9 Interesting Things You Never Knew About Easter

Apparently, the tradition of bonnets stems from a very popular pop culture moment.

Today, Easter is all about egg hunts and chocolate bunnies. But as you stock up on candy, plastic eggs, and more, you might have wondered where these traditions came from. Here are just a few interesting facts behind a few of Easter's most common symbols, customs, and....candies?

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1 The Easter Bunny didn't always lay eggs.

In fact, the fluffy bunny stems from the Anglo-Saxon festival of Eastre which featured a spring goddess who used the rabbit as her symbol to represent fertility. It wasn't until Germans settled in Pennsylvania in the 1700s that the tradition of the bunny that lays eggs came to the states.

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2 Buying a new outfit for Easter stems from a superstition.

Back in the mid-1800s in New York, people believed that buying new clothes to wear on Easter would bring them good luck for the rest of the year. And, lucky for us, the custom continues today.

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3 Meanwhile Easter bonnets are a relatively new concept in the U.S.

Back in 1933, composer Irving Berlin introduced the Easter Bonnet into American pop culture with his ballad "Easter Parade." Today, it's still one of the most popular songs for the holiday.

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4 Decorating eggs comes from a Ukrainian tradition.

The ornate eggs were called pysankas, which were made by using wax and dyes. It wasn't until Ukrainian immigrants came to the U.S. that the colorful custom caught on.

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5 During medieval times a very different game was played with the eggs.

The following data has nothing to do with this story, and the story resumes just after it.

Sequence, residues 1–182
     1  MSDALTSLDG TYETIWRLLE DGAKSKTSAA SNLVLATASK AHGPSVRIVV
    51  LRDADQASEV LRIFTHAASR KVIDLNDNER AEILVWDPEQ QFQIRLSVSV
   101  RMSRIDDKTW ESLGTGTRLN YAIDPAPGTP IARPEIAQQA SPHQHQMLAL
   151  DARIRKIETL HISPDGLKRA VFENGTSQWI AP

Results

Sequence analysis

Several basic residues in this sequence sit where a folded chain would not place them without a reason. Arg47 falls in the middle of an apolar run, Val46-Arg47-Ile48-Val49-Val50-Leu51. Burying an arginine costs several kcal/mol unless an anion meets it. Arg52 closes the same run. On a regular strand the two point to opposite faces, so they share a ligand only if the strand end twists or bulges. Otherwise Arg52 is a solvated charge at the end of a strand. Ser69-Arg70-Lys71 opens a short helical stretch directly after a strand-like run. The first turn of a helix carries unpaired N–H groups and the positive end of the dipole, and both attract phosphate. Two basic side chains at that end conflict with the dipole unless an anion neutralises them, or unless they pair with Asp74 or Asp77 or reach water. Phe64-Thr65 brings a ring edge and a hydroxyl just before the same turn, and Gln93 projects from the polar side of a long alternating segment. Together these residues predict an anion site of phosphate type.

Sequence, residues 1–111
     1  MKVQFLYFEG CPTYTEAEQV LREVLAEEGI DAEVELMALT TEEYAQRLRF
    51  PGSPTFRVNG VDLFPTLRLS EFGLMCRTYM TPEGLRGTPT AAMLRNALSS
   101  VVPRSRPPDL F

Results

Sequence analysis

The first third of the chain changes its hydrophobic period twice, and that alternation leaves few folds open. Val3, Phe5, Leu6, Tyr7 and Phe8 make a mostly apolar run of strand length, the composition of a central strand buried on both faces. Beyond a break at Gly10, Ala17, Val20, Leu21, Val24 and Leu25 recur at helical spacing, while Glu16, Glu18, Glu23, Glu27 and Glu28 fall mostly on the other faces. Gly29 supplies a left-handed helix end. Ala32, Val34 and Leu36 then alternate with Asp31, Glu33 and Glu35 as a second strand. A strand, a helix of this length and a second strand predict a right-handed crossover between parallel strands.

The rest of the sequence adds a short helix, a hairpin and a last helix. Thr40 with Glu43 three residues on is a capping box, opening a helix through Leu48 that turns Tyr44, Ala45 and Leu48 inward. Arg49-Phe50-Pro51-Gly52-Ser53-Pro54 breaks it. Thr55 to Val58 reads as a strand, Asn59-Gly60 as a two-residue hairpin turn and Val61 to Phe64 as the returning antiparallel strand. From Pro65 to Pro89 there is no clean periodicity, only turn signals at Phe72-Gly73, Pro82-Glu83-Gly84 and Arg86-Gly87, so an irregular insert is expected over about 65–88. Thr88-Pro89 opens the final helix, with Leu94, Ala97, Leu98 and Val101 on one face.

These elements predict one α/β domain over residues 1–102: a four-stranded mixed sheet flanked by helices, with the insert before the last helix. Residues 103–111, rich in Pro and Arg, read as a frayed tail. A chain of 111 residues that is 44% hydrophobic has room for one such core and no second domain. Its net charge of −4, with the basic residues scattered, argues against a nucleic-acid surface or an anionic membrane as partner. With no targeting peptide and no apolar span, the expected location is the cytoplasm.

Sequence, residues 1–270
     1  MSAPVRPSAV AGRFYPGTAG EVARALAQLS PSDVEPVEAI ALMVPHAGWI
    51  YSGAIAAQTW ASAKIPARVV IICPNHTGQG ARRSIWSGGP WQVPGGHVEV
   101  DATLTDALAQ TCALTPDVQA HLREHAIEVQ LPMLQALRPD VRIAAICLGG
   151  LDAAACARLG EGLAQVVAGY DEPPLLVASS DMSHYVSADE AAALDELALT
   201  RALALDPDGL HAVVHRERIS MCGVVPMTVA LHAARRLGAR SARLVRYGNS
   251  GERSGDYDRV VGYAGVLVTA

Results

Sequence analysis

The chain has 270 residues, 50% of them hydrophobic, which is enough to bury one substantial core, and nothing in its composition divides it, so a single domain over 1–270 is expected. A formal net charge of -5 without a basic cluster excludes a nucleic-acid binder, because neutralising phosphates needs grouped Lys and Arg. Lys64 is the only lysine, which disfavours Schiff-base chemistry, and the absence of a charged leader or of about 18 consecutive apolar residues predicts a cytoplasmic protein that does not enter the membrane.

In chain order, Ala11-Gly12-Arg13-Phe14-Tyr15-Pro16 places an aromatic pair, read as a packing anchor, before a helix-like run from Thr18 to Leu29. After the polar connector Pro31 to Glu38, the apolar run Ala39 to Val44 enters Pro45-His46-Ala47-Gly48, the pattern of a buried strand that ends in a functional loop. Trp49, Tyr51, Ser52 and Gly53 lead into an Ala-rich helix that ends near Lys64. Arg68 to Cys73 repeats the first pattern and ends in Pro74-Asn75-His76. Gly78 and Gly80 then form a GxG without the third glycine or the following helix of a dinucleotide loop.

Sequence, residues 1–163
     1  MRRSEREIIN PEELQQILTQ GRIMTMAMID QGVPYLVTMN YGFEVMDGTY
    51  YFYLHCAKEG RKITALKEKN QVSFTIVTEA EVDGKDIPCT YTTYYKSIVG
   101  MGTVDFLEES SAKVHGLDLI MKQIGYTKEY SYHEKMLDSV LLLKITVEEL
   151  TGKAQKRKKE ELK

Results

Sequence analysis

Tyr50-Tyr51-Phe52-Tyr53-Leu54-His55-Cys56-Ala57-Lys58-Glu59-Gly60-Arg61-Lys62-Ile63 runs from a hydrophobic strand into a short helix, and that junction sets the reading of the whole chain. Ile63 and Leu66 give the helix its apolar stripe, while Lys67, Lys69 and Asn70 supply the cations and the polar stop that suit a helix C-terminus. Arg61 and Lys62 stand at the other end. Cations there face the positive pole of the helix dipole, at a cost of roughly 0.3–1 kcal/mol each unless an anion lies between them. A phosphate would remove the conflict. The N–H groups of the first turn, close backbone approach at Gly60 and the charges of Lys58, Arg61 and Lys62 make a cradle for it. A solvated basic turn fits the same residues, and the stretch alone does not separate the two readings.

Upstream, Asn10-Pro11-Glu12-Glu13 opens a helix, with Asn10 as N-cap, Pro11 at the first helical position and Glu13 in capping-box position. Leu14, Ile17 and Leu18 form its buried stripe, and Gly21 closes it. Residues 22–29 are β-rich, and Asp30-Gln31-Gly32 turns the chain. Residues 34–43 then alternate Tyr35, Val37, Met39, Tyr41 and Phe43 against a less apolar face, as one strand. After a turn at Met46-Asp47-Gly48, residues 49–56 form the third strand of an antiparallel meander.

Can you even imagine throwing an egg in church? Well, that's exactly what used to happen. The priest would throw a hard-boiled egg to one of the choir boys, he would continue to toss it to his peers, and whoever was holding the egg when the clock struck 12 was the winner and got to keep it.

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6 The White House's Easter Egg Roll started back in 1878.

Rutherford B. Hayes was the president at the time. But it was President Nixon who first included a bunny in the festivities with a member of his wife's staff as the lucky person who got to wear the costume.

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7 Easter is the second biggest candy-consuming holiday.

It comes in second only to Halloween, respectively.

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8 It used to take more than a day to make a Peep.

Approximately 27 hours, to be precise. That was back in 1953, when each candy was handmade with a pastry tube — but today they have machines that have dramatically (!) sped up the process to just six minutes.

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9 Most Americans bite off the ears of a chocolate bunny first.

In fact, a whopping 76% say that's where they take their first mouthful, followed by 5% who eat the feet first, and 4% who eat the tail first.

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